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Ask Mr. Answer Person: "What impact would buying Alliant Energy's facilities have on the City of Decorah's bonding capacity?"

Posted: Sun, Apr 15, 2018 1:51 PM

(Jerry asks Mr. Answer Person: "What impact will there be on the City of Decorah's bonding capacity if it goes ahead and pays Alliant Energy for the facilities in Decorah?"):

Mr. Answer Person says: "This has been a popular question in Decorah in recent weeks.  It's the first time I can remember anyone asking about 'bonding capacity!'  So pretend you're in an Economics 101 class and get ready to write down some notes.

Under state law, municipalities are legally limited to issuing bonds totaling five percent of the total property valuation within their city limits.  This fiscal year, that means the City of Decorah has a legal bonding limit of $25.5 million.  Of course, the limit changes every year, usually going higher, but based on whatever the total value is.

Right now, Decorah City Administrator Chad Bird says 'We're in pretty strong shape.'  The City of Decorah is repaying $5.6 million in bonds--most of it to pay for the sewer and water project along Highway 9 heading up to the airport, but also two other bond issues for fire engine purchases.  In other words, Decorah can borrow almost $20 million without exceeding its bonding limit.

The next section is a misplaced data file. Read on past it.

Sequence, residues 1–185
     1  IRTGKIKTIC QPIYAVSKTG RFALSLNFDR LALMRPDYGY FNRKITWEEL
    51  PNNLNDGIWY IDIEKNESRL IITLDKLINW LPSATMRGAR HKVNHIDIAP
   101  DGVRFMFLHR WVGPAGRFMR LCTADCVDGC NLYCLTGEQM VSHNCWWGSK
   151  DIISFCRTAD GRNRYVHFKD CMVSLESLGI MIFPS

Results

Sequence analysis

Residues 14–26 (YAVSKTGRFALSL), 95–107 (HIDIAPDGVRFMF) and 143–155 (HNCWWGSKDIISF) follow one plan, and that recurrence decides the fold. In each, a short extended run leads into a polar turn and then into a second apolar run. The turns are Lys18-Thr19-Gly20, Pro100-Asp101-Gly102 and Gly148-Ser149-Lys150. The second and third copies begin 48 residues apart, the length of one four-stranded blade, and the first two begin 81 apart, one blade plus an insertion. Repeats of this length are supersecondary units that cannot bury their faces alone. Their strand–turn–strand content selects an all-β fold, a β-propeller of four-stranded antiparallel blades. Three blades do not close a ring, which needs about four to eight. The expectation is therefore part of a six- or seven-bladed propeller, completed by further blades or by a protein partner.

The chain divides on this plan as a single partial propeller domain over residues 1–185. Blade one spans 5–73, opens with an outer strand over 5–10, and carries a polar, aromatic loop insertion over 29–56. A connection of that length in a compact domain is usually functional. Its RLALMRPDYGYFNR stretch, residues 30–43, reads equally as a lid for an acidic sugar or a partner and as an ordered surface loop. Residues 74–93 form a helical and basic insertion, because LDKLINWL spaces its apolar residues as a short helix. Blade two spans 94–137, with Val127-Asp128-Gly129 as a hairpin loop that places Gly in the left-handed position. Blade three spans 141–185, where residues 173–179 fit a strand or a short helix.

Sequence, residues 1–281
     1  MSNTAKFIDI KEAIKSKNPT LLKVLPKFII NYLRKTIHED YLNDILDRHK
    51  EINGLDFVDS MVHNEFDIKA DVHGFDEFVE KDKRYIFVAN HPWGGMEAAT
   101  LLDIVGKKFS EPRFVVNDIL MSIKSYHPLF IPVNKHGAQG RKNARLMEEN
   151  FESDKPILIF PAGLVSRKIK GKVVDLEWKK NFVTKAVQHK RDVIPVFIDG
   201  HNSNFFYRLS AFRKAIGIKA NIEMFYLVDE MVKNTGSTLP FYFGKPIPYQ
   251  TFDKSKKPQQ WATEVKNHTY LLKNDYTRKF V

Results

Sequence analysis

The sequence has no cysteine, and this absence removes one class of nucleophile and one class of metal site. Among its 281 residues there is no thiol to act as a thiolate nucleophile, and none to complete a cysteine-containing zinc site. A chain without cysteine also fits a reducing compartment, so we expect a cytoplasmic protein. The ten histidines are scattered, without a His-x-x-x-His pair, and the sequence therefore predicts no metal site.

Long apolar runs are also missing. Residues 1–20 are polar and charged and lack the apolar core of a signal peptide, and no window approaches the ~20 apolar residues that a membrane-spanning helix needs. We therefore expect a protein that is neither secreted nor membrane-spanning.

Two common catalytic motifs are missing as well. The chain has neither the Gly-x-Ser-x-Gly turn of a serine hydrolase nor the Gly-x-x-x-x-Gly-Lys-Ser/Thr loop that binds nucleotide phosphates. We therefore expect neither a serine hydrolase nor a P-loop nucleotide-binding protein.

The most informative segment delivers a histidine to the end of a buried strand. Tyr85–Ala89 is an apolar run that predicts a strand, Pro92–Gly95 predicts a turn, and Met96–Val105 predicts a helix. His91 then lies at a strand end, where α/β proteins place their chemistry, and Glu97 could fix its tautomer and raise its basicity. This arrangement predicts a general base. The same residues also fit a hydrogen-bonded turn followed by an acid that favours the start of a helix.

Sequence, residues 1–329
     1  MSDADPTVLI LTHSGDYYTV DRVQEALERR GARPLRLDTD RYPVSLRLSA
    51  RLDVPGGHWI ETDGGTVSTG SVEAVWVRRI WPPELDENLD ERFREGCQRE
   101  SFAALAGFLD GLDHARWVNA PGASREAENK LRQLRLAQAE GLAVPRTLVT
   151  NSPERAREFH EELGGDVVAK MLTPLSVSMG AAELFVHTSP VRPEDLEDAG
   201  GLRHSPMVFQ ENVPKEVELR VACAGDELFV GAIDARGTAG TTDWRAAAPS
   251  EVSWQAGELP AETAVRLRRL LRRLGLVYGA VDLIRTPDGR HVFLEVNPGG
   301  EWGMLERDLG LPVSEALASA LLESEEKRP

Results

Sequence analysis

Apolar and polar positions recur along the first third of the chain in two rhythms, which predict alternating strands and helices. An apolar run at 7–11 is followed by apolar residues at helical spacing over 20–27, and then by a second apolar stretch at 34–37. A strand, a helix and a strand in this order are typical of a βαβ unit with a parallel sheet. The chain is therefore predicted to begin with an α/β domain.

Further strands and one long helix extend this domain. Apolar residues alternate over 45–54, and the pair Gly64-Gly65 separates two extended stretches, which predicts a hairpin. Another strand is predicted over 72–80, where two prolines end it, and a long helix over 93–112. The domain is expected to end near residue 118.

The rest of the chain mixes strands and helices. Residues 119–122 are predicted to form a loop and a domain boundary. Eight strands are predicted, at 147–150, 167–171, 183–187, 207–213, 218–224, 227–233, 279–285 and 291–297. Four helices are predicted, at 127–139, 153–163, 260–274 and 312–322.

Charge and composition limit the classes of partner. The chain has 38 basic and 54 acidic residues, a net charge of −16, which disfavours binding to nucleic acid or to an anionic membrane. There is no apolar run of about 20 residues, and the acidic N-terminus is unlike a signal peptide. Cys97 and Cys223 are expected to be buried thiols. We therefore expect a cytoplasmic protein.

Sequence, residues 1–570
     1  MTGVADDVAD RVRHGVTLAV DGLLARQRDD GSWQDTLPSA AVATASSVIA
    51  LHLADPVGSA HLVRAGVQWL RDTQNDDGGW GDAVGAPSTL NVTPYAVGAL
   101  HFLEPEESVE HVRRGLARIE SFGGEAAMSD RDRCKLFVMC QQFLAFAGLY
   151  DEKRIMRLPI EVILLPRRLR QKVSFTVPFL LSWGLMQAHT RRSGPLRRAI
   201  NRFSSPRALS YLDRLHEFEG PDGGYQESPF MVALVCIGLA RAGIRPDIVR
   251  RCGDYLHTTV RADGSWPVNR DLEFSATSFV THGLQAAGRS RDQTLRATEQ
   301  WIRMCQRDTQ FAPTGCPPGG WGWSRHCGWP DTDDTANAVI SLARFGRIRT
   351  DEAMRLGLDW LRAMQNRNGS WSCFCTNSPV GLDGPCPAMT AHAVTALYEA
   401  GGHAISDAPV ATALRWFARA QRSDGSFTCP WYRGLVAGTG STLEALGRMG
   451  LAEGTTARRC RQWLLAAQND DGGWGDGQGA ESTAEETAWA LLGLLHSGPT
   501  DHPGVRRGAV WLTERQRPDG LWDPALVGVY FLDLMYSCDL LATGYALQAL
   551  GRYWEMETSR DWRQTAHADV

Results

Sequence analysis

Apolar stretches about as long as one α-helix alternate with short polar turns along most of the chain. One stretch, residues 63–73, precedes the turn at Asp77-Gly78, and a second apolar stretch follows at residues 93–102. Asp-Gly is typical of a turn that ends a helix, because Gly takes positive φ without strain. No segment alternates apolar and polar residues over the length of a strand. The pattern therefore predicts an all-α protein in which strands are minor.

But it is more complicated than that (of course!).  There are two kinds of bonds Iowa cities can issue--'general obligation bonds,' which are backed by the city's property tax collections and its 'full force and reputation,' and revenue bonds, which are backed by the revenues an operation like an electric utility would receive.  For the most part, general obligation bonds must have voter approval, while revenue bonds might not.

In fact, state code allows cities to borrow up to $700,000 without holding a referendum--sort of.  A 'reverse referendum' can be held if voters create a petition and get the required number of signatures to get the issue on the ballot.

If the May 1st referendum passes, Decorah City Council members would have to figure out what they wanted to do--go ahead with an application to the IUB or put the issue on hold for awhile.  If the city council decides to hit "pause," no referendum is necessary.  If it decides to spend more than $700,000 to pursue an IUB application, the bonding issue would have to be on the ballot."